Earlier this year, Spinal Tap’s three original members (Christopher Guest, Michael McKean and Harry Shearer) appeared at the Ohio Theatre just to prove they’re still funny after all these years. Calling the show “Unwigged and Unplugged,” they revisited many of their best-known Spinal Tap tunes, including “Stonehenge,” “Bitch School” and “Hell Hole.” But the unplugged format also included “Corn Wine,” “Old Joe’s Place” and “Loco Man,” all of which are by the Folksmen, the fictitious group the actors portrayed in the 2003 movie A Mighty Wind. “Unwigged and Unplugged” allowed the guys to include music from their entire repertoire (including tunes by the Thamesmen, the fake British band that preceded Spinal Tap). A DVD of a concert from that tour has just been released, and Harry Shearer talked to us about it. —Jeff Niesel
What is more difficult? Performing as Spinal Tap or performing as yourselves?
Probably when we started out, performing Spinal Tap was more difficult. But performing as ourselves was a new first. It was more challenging in terms of how to perform the songs and what choices to make musically.
How difficult was it to adapt the Spinal Tap songs to an “unplugged” format?
It depended on the song. Some of them we threw out. Obviously, the Folksmen songs were easier to adapt. Some we ended up doing roughly the same way, like “Heavy Duty.” And some we did drastically differently, like “Big Bottom.” We spent six weeks rehearsing.
What made you want to do the tour? Was it the 25th anniversary of Spinal Tap?
It was the anniversary. It was the fact that we wanted to do something different. We had done this once or twice in isolated circumstances and always had a good time.
The DVD captures a show at the Riverside Theatre in Milwaukee. Was this the best show of the tour?
It was the very last show on the show. I think it was in fact one of the best. I think we had it down by that point.
I half-expected to see some bonus footage of you guys in your Spinal Tap outfits. Was that ever discussed?
The director said he wanted to shoot us backstage or on the bus. And we said, “No. We make fun of that stuff. We don’t do it for real.” My focus was just to get a really good document of the show itself. There’s plenty of other places where you can get us acting like Spinal Tap. This was a unique event and I wanted to present it as such.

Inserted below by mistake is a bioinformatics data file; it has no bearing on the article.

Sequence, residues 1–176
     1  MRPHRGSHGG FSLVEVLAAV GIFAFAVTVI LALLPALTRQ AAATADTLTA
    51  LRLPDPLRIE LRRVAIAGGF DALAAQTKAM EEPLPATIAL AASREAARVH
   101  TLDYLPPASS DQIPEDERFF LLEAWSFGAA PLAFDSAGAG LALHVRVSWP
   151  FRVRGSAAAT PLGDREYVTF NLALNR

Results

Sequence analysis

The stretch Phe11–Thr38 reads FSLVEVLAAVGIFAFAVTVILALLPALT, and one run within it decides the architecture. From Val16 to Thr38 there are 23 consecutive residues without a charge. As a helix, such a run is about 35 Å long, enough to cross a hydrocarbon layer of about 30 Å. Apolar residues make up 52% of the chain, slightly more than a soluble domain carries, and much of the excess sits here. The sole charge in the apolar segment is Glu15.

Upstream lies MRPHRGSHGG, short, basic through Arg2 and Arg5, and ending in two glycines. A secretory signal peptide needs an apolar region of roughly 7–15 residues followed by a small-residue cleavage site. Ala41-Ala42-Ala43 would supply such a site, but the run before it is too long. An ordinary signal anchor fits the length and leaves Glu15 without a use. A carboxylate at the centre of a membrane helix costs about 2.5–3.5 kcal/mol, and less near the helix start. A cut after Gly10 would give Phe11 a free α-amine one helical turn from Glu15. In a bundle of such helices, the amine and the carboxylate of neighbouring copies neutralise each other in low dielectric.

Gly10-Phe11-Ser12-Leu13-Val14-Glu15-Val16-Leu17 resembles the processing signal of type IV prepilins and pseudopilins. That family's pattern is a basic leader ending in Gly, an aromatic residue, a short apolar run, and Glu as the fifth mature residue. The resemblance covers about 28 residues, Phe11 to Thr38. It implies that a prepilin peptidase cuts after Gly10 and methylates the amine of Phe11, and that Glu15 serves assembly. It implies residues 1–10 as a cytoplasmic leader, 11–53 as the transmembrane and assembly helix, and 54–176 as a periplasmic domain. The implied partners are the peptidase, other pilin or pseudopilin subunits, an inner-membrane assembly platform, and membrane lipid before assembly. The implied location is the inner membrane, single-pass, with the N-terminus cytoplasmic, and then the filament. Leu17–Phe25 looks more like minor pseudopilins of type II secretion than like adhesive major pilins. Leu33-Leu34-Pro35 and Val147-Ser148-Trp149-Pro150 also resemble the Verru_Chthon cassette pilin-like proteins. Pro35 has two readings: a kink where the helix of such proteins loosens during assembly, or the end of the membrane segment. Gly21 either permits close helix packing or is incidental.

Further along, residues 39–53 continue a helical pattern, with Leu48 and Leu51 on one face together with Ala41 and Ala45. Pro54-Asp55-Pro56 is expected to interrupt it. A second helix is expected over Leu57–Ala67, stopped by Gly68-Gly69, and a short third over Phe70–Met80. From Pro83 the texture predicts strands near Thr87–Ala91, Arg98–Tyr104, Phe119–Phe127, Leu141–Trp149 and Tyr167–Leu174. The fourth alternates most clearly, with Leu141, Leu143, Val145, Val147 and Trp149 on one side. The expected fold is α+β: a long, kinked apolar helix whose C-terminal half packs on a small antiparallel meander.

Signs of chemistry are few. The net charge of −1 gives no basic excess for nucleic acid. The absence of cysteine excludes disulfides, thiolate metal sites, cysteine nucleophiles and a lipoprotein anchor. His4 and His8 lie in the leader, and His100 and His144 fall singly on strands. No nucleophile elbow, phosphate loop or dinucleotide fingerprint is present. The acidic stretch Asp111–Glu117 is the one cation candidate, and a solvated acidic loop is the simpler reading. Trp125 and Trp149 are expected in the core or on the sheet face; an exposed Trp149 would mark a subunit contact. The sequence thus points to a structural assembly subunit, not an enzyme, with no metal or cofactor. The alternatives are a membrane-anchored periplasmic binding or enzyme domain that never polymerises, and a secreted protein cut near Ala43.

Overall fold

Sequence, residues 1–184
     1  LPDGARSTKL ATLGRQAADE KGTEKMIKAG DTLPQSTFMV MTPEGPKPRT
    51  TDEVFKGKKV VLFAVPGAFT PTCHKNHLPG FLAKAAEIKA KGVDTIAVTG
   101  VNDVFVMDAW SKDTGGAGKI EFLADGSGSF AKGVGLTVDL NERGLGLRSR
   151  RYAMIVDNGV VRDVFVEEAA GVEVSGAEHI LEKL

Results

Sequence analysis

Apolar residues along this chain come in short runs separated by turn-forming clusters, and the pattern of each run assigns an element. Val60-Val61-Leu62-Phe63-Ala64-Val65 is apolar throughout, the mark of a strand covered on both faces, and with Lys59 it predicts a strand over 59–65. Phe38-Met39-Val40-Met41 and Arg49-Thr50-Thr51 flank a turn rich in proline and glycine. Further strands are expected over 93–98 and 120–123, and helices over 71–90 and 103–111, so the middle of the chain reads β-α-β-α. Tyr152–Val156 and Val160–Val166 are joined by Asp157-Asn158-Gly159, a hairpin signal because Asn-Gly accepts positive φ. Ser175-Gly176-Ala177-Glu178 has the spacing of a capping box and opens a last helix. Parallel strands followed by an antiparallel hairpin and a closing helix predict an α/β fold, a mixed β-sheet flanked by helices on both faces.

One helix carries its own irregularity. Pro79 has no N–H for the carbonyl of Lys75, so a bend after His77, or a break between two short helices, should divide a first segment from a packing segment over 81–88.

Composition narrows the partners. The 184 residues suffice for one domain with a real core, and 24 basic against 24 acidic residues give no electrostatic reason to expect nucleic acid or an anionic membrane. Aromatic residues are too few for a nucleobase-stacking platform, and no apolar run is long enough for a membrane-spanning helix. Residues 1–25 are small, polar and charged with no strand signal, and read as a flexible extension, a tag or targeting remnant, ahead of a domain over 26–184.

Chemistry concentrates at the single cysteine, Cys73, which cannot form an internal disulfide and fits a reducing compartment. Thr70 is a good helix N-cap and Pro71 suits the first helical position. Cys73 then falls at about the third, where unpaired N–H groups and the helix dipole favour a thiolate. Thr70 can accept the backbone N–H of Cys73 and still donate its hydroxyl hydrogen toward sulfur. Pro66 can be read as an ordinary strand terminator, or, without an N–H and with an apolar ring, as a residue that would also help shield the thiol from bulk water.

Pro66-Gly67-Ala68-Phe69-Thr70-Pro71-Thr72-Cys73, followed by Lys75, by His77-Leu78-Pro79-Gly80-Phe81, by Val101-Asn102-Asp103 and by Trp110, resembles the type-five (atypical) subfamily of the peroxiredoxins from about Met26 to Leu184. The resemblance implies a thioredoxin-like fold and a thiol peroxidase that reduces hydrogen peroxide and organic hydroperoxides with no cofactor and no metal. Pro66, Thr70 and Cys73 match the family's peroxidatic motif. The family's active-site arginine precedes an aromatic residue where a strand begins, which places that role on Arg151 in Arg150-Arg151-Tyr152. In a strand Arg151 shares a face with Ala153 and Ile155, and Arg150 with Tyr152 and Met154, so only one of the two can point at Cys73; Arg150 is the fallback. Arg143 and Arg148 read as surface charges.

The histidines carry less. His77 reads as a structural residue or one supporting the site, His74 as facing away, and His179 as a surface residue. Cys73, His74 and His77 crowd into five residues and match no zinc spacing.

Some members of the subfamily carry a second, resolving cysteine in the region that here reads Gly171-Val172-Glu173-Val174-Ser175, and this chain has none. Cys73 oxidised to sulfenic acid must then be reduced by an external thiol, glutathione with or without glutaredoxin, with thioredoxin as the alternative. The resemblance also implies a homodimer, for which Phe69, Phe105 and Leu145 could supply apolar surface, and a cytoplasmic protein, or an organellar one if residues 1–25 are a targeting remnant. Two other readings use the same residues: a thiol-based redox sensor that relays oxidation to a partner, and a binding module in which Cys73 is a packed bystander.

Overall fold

Will that Wembley Spinal Tap show end up on DVD?
I don’t know. I don’t know if it was shot. I heard there was a camera crew there but I have yet to see any of their footage. I don’t really know.
During the show, you talk about that very first performance on The T.V. Show. Did you have any sense back then that Spinal Tap would become what it became?
Oh God, no. We were just having a good time and trying to do something that made us laugh. Nobody sane sets out to do something they know will be watched in 25 years. There’s no way to know if that will happen.
What’s made Tap endure?
We weren’t making stuff up. We were basing it on what we knew about the world of music and this kind of music on tour, either from our experience or from the experience of other people. It rings true. Bands take that DVD on the bus with them because it makes fun of the life they’re actually living. Because of our low budget, we couldn’t fill the screen with artifacts of the moment to prove how real it was. We couldn’t have TVs and phones and cars everywhere. Those are the things that look dated the most quickly. As a result, you don’t have all these things that scream 1984 at you.
You have a question and answer segment during the show. Do you ever get stumped?
No. One way or another we always come up with something. That’s the advantage of having three people on stage.
There’s a guy from Ohio who performs in Air Guitar competitions as Derek Not-So-Smalls. Have you ever met him?
No. But of course, he should be playing air bass. That would be my advice to him.
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